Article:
(of nucleic acids) Technique in which single-stranded nucleic acids are allowed to interact so that complexes, or hybrids, are formed by molecules with sufficiently similar, complementary sequences. By this means the degree of sequence identity can be assessed and specific sequences detected. The hybridization can be carried out in solution or with one component immobilized on a gel or, most commonly, nitrocellulose paper. Hybrids are detected by various means: visualization in the electron microscope; by radioactively labelling one component and removing non-complexed DNA; or by washing or digestion with an enzyme that attacks single-stranded nucleic acids and finally estimating the radioactivity bound. Hybridizations are done in all combinations: DNA-DNA (DNA can be rendered single-stranded by heat denaturation), DNA-RNA or RNA-RNA. In situ hybridizations involve hybridizing a labelled nucleic acid (often labelled with a fluorescent dye) to suitably prepared cells or histological sections. This is used particularly to look for specific transcription or localization of genes to specific chromosomes (FISH analysis).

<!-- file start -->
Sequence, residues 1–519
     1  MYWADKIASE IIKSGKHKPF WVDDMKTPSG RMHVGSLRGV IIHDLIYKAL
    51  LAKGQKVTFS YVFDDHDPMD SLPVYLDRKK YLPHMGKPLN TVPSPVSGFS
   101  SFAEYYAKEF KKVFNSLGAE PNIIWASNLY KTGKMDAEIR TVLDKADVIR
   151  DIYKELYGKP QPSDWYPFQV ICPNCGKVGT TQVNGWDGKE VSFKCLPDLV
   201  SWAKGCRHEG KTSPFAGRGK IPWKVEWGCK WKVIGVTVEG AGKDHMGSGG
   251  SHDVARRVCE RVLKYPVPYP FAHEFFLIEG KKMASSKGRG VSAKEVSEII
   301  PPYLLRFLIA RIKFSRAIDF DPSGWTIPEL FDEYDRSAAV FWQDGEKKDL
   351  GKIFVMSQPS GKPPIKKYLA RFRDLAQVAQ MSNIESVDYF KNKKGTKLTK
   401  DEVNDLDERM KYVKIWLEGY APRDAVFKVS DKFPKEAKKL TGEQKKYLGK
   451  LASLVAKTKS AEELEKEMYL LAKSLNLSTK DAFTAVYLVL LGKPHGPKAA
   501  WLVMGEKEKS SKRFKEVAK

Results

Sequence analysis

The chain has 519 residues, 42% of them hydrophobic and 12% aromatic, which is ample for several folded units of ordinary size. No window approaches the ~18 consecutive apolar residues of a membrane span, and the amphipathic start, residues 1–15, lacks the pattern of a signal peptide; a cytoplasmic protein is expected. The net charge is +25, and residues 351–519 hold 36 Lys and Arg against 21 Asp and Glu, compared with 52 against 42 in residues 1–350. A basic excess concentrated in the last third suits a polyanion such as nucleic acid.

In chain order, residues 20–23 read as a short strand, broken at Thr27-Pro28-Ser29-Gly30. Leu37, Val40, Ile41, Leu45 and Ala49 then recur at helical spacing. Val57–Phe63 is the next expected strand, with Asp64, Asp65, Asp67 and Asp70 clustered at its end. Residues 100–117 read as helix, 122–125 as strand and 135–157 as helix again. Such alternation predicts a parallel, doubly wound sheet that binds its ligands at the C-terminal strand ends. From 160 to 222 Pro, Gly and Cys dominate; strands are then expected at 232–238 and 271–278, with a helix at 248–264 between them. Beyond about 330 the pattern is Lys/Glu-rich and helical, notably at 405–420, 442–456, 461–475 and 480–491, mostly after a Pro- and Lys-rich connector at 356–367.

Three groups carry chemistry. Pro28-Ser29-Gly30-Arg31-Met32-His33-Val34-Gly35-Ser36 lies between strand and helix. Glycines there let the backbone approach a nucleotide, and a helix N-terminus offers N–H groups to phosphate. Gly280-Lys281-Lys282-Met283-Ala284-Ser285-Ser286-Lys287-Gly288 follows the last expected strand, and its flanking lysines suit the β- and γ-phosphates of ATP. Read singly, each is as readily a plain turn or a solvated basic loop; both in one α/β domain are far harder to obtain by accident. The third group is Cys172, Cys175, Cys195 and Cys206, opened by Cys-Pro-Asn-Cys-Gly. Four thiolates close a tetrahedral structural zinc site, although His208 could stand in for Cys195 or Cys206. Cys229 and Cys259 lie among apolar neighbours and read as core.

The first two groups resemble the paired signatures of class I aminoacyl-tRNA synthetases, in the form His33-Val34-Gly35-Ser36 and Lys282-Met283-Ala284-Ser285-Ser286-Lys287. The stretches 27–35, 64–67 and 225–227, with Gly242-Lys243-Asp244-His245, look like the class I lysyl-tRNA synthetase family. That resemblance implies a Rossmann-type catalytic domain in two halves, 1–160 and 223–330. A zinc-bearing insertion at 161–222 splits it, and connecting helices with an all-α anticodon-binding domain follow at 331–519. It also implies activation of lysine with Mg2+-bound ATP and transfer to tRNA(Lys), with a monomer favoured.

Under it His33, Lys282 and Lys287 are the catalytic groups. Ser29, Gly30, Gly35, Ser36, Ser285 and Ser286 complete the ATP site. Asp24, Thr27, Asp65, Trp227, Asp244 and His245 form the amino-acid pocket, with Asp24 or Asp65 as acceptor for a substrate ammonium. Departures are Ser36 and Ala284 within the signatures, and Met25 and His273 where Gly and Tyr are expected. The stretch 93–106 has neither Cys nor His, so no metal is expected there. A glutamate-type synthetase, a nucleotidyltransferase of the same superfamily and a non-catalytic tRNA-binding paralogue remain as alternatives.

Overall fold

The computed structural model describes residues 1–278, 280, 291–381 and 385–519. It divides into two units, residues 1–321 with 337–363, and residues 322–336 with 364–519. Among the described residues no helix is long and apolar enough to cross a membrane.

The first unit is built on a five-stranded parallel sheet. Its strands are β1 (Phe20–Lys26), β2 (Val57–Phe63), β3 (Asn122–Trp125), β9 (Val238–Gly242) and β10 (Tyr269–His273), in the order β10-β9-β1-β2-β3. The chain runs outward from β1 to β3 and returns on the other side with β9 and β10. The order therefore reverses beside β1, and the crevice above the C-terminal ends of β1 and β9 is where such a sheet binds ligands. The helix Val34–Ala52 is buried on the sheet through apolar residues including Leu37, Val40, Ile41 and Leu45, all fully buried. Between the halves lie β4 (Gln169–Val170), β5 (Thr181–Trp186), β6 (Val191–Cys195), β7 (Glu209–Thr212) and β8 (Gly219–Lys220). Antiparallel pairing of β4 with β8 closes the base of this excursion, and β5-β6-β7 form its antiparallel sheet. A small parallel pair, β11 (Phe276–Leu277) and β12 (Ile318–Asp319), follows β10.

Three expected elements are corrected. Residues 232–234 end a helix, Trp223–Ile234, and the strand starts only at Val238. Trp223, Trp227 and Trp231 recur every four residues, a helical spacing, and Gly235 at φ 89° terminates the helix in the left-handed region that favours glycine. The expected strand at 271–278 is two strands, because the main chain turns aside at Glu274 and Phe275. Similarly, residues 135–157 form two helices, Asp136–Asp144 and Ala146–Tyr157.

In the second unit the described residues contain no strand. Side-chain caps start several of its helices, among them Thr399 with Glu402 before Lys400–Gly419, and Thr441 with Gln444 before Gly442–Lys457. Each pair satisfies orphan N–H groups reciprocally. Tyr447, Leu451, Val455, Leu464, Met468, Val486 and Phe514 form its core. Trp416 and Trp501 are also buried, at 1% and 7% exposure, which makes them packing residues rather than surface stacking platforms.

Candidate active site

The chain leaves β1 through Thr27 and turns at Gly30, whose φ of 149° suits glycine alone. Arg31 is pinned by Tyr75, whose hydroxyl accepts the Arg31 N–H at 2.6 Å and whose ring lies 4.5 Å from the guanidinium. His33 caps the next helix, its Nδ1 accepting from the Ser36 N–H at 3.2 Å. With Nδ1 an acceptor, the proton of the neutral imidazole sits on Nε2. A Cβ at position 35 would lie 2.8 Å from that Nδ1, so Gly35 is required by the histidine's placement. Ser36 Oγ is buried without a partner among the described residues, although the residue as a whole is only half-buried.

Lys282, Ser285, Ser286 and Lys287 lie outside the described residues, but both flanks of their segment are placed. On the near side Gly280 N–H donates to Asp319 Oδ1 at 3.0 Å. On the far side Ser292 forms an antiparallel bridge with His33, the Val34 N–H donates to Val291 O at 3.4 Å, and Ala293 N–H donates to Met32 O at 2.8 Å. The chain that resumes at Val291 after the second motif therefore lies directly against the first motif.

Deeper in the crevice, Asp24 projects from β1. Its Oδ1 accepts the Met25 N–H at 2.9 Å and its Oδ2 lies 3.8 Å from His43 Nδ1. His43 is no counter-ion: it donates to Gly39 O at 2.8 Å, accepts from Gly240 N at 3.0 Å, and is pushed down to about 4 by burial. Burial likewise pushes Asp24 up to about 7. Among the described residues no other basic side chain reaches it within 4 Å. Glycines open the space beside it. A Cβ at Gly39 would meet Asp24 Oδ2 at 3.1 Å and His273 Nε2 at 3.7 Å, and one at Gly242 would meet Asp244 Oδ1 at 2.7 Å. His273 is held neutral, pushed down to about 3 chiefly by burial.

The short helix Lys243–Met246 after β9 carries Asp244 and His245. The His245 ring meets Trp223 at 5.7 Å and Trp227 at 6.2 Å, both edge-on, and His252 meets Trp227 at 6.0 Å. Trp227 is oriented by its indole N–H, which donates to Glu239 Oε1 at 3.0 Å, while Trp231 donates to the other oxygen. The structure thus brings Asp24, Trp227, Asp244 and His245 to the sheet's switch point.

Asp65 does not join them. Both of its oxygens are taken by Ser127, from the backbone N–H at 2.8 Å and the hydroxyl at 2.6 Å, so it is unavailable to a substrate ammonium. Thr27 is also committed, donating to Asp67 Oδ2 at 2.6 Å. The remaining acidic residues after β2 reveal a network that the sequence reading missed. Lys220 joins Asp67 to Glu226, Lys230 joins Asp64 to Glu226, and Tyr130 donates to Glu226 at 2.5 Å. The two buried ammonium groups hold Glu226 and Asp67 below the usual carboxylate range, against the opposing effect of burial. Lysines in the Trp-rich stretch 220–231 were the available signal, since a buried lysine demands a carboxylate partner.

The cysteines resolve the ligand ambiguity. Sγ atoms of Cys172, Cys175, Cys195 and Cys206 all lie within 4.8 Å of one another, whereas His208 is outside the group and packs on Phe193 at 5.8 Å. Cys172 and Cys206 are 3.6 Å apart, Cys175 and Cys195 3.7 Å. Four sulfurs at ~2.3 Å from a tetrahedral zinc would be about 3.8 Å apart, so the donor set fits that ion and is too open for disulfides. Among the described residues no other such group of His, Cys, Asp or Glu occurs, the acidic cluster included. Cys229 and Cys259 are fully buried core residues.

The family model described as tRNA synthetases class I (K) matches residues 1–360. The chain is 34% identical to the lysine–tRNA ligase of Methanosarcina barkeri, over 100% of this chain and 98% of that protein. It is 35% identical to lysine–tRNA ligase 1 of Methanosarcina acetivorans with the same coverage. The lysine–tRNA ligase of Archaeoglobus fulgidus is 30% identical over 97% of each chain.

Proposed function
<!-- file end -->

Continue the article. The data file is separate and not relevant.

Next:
Dictionary of molecular biology. 2004.